No matter what quality of boiler you have, boilers are prone to leaking during their lifetime simply due to wear and tear.
    Once you notice a problem in your boiler pipe, your best bet is to call a professional plumber.
    But before the plumber arrives, there are a few important steps that you need to follow,

    Turn off the water supply.
    The first thing to do is to turn off the water supply to the boiler to stop the puddle from growing. You can do this by turning off the internal stop tap.
    Once you’ve stopped the water from leaking, you’re ready for the next step.

    Mop up the water.
    Now that you have stopped the pipe from leaking, make sure to clean up the resulting puddle. This will make things easier for the plumber but it will also reduce water damage in general.

    Switch off the heating.
    If you’re using central heating, make sure to switch off the system as well. Like with any other appliance, it should be disconnected by all utilities while being repaired.

    Drain the system.
    Even if you’ve shut off the water supply, your boiler will have some water left inside. To drain the remaining water the fastest, turn on all the taps in the house, including flushing your toilets. Once no more water is coming out, the boiler is ready to be fixed in a safe manner.
    Wait for the plumber.
    Once you’ve done all of the above, you’re ready to sit tight and wait for a qualified technician to come and fix it for you.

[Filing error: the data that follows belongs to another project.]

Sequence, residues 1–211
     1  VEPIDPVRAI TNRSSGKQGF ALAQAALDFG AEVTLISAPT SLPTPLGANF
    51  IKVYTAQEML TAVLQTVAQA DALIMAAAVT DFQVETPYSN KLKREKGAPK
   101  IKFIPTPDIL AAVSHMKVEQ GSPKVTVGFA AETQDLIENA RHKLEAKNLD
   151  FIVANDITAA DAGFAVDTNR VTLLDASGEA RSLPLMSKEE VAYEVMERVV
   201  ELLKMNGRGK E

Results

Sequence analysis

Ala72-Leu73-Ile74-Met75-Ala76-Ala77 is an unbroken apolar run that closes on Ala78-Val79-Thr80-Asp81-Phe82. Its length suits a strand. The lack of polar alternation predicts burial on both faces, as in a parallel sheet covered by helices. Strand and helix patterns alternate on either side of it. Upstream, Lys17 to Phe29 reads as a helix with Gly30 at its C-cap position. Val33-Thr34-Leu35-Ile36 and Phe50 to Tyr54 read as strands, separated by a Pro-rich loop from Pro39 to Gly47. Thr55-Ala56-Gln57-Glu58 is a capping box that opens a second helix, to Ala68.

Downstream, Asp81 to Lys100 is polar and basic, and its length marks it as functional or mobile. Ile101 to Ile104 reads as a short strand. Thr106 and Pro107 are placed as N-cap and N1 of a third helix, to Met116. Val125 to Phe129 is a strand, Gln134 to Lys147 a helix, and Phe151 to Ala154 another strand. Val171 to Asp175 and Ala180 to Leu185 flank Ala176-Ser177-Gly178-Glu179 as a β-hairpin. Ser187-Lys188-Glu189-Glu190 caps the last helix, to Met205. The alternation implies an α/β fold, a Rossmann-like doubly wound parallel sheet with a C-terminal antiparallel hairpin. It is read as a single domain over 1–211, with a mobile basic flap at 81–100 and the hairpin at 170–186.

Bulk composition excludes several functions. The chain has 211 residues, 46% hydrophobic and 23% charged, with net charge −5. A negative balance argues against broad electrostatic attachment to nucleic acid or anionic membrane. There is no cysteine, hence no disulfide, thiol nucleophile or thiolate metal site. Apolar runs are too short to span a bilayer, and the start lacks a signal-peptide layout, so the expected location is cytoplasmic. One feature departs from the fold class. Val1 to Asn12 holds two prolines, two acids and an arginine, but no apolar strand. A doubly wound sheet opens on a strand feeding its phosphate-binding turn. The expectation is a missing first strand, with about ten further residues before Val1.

If you are struggling to find a qualified plumber in your area who you can trust to do the job correctly, try using TRADEE. You will be able to see the previous work, reviews and location of your plumber. This will ensure that your tradie is safe, qualified and friendly!

    In the meantime, check your insurance policy.
    There are some insurance policies that cover water damage caused by broken pipes. If that’s your case, you might not even need to fish out your wallet for that repair.

    A leaky boiler pipe causes as much hassle as any other plumbing problem, which is why the best thing you can do for your property is to let a trained professional inspect the pipes for you.

  3. biplab_poddar says:

    Safety advice
    Although most of the time a leaky boiler is not directly dangerous, you must make sure you deal with the problem as swiftly as possible as water damage can be costly and there’s a chance it could affect your neighbours.
    Most boilers have sensors which mean the boiler will not fire if there is insufficient water pressure. In other words, the boiler can’t dry fire and cause damage to the boiler
    However, you must never leave a boiler leaking whilst continuing to top up the pressure. This will cause sludge to build up and the system will lose its protective inhibitor.
    TIP: Always know where to turn your hot and cold water supplies off. This is a good safety measure if water is close to the electrics.